Michigan’s Road-Use Fee/Tax on Hybrid and Electric Vehicles Now Hotly Debated Topic in House Transportation Committee


Nearly two months ago, Michigan added itself to the growing list of states seeking to make up for gas tax shortages by charging owners of alternative-fuel vehicles an annual road-use fee.

The proposed bill in Michigan calls for electric and “alternative fuel” vehicles weighing in at under 8,000 pounds to be taxed $75 annually in road-use fees.  Vehicles fitting the above categories, but weighing over 8,000 pounds, will be required to pay an annual fee of $200.

That bill is now a hotly debated topic in Michigan’s House Transportation Committee.tax-shake

Officially, it goes by the name of House Bill 4632 and there’s now some additional details we have to share.  In addition to what was touched upon above, the bill calls for an increase in vehicle registration fees by approximately 20 percent, raising motorcycle registration fees and reduced annual depreciation.  This will definitely bring in more money for the state to use to maintain its roads and this portion of the bill doesn’t seem to be under debate.

What is under debate is the annual fees charged to drivers of alternative-fuel vehicles, especially since several of these automobiles, most notably the Chevrolet Volt, are built here in Michigan.

Brian O’Connell, General Motors regional director of state government affairs, testified against the proposed fee for hybrid and electric vehicles, saying that it could actually hurt sales of of vehicles like the Volt, which GM has significantly invested in.  It seems O’Connell’s actual argument is that, had GM known such a bill would be proposed, the automaker might have reconsidered launching a vehicle like the Volt.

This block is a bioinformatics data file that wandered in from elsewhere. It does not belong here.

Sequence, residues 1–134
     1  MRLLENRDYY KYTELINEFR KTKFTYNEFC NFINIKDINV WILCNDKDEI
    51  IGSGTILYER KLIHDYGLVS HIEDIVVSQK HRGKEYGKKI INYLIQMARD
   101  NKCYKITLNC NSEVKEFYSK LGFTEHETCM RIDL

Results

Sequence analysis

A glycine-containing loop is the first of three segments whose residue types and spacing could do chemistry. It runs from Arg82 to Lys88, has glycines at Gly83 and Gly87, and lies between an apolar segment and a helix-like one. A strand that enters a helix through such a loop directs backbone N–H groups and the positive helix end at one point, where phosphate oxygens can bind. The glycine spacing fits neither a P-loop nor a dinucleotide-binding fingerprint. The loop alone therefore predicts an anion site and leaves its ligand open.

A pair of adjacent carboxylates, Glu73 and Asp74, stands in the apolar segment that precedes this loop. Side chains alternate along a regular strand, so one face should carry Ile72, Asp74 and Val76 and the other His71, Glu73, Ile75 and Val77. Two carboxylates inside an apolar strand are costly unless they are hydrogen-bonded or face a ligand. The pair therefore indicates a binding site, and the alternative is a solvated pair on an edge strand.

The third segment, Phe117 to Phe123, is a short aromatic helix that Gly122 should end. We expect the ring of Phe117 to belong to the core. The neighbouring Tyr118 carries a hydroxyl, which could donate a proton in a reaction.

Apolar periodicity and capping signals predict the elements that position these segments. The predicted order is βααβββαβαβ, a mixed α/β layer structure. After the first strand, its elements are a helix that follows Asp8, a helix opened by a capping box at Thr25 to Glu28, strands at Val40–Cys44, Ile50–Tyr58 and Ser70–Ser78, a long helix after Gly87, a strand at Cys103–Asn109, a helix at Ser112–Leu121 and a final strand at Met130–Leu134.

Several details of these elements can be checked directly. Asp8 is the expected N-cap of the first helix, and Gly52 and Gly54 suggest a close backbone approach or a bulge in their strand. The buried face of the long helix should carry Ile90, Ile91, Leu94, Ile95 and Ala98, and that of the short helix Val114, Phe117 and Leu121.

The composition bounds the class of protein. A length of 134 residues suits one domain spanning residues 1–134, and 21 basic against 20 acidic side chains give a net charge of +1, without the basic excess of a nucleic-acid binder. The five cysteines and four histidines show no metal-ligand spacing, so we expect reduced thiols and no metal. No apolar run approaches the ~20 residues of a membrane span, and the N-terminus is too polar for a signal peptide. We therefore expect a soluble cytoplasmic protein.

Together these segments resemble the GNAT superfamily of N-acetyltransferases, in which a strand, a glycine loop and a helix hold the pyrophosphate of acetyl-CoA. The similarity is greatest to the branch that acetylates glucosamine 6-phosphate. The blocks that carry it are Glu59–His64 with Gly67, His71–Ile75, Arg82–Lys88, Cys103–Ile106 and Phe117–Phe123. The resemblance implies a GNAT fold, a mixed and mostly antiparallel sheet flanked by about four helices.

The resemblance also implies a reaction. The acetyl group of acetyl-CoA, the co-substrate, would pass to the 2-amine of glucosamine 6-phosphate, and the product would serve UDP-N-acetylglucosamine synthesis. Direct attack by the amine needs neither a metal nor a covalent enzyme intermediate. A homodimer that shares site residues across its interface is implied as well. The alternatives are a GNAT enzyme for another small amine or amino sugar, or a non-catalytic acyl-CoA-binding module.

Additional arguments against the proposed bill focus on aspects such as the fact that most hybrid and electric vehicle owners in Michigan already pay higher annual registration fees due to the higher initial purchase price of the vehicle.  Other arguments say that some hybrids (a GMC Yukon Hybrid, for example) still burn through way more gas than, say, a Volkwagen Jetta TDI.

The main problem here is one of fairness.  Any proposed bill must be fair to all and that’s an issue several states are now dealing with as they try to pass these annual-fee-for-electric-vehicle laws.  There will be resistance along the way, but hopefully a fair-for-all solution can be found.

Source: MLive

Categories: General

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12 Comments on "Michigan’s Road-Use Fee/Tax on Hybrid and Electric Vehicles Now Hotly Debated Topic in House Transportation Committee"

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So someone who drive’s a Leaf 5000 miles/year has to pay an extra $75 flat fee for roads they barely use.

Michigan, if you want people to pay for the roads they use, put up toll roads. You don’t have to look too far (see I-pass).


Oh, and since I use more electricity in my EV than those efficient homes that drive gas cars, I think they should have to pay a $75 flat fee to cover the costs of the grid infrastructure which they use to power their TVs.

I drive a Volt and would have no problem paying a VMT (vehicle miles traveled) tax, in lieu of a gas tax.

State imposed gas TAX to raise money for State road repairs was not a bright idea to begin with. If I fill-up my 28MPG Malibu in Auburn, IN and drive through Michigan on my way to Canada I use the Michigan roads without buying any gas in Michigan. We need to eliminate all Federal and State GAS TAX and deploy a country wide 21st century electronic toll collection system. All cars would need to come equipped with a transmitter linked to an owner’s credit card or bank account. (No money? Stay off toll roads.) Out of country cars could pay a road use fee at borders. If a car crosses the toll without a transmitter an automatic picture of the license plate could verify if the car is from another country. If not a fine could be issued to the owner. No need for toll ticket or payment lines one transmitter is good on all toll roads country wide. This type of infrastructure improvement is what I’d like to see done with my federal taxes instead of paying for wars.